It is the NEI’s desire to increase the representation of racial and ethnic populations and organizations in the NEHEP Partnership. Having a diverse racial and ethnic representation and diversity of thought and perspective is key to the success of the NEHEP Partnership effort. The NEI encourages NEHEP Partners to share the NEHEP mission, vision, and purpose with their respective peers to promote the inclusion of more racial and ethnic groups. Where necessary, the NEI will continue to identify and invite prospective NEHEP Partners as the program continues to expand.
The NEI is working on a project to educate eye health care professionals about the issues of vision rehabilitation. The NEI is developing a pilot program to enhance referrals of individuals with low vision to vision rehabilitation services. The primary purpose of the program is to increase patient referrals from eye care professionals to qualified vision rehabilitation services. This program will enable the NEI to develop, test, and evaluate measurable strategies; identify opportunities and barriers; and provide a cadre of health care and eye care professionals and their patients with access to useful sources of information and services. The program also will assist eye care and vision rehabilitation professionals in reaching and providing services to those in need. Once the pilot program has been completed, the NEI will assess its success and utility to eye care professionals and their patients and decide whether to continue the effort. The NEI welcomes any thoughts, suggestions, and/or participation from the NEHEP Partners.
One of the NEI’s primary purposes for initiating the NEHEP Partnership was to encourage and enhance collaboration with other Federal agencies. This increased communication with other Federal agencies helps avoid duplication and expands the reach of eye health information.
The HP2010 Vision Working Group continues discussions centered around strategies to raise awareness about national HP2010 efforts and how local communities and agencies can become involved. The NEI has provided an HP2010 vision website link to all Partnership members through the NEI website.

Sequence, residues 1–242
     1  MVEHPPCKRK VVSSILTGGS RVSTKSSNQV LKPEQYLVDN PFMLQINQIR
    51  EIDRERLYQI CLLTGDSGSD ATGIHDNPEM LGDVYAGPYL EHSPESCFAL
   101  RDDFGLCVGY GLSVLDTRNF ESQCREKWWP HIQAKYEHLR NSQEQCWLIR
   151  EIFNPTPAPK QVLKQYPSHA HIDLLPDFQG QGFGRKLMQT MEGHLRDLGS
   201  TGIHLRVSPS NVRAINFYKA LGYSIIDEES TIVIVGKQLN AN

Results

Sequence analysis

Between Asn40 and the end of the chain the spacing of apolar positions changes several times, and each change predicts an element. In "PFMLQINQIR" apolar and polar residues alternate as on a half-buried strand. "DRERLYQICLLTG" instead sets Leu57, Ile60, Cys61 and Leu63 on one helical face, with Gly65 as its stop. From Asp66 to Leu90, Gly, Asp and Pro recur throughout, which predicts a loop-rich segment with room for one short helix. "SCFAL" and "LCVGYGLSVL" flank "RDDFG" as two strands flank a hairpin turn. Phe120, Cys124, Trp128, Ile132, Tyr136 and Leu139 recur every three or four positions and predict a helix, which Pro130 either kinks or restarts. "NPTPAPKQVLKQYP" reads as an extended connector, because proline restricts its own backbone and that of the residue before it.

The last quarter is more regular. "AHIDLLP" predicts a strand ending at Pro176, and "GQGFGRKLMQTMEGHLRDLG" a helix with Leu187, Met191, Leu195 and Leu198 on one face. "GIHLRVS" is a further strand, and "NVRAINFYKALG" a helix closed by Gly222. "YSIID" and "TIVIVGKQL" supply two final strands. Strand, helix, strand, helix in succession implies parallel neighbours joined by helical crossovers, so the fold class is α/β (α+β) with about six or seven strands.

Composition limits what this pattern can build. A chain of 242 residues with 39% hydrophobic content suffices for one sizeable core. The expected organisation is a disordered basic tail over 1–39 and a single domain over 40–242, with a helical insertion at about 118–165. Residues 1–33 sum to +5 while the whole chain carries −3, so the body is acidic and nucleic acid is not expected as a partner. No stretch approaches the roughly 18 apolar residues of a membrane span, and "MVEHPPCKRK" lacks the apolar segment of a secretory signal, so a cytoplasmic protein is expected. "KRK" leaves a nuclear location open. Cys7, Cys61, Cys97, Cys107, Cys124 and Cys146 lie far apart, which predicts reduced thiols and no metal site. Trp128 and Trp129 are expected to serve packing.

The NEI suggested to all NEHEP Partners that they join in a Memorandum of Understanding with the NEI to work on HP2010 efforts together. The NEI encourages this type of collaborative effort with all of its NEHEP Partners. This collaboration will provide a forum for the development of a common HP2010 theme and message for the vision community.
The NEI is developing HP2010 materials for dissemination to the general public, eye health care professionals, and policymakers. These materials include the Healthy Vision 2010 Community Action Guide, Healthy Vision 2010 Toolkit, and the Healthy Vision 2010 Companion Document.
The NEHEP Partnership met in April 2002 to develop recommendations for the next 5 years. Those recommendations are:
- Ensure that NEHEP goals and objectives are targeted to both patients and providers in providing information on eye health care and vision rehabilitation services.
- Use a multidisciplinary approach to reach secondary target audiences, (allied health professionals, community organizations, etc.).
- Provide culturally specific and appropriate messages for all NEHEP content areas and materials.
- Develop and maintain a website to include best practices and lessons learned.
- Increase the representation of racial and ethnic populations and organizations in the NEHEP Partnership and continue to facilitate the national dialog among current and future NEHEP Partnership members.
- Educate and encourage eye health care professionals about the issues of vision rehabilitation.
- Increase the NEHEP Partnership’s collaboration with other Federal agencies.
- Assist Partnership members in reaching out to the vision community to raise awareness about national HP2010 efforts.
- Provide an HP2010 vision website link to all Partnership members.
- Develop a common HP2010 theme and message for the vision community.
- Develop, disseminate, and share HP2010 materials with the general public, eye health care professionals, and policymakers.
In addition, two new program areas will be reviewed for consideration based on a careful analysis of the scientific research:
- Develop and implement an AMD public education program targeted to providers and patients. This program will focus on disease etiology, risk factors, prevention, intervention, and treatment strategies.
- Coordinate and enhance diverse efforts in children’s vision education and outreach. The NEI recognizes the opportunities, national health care mandates, and research conducted to understand the importance of children’s eye health care.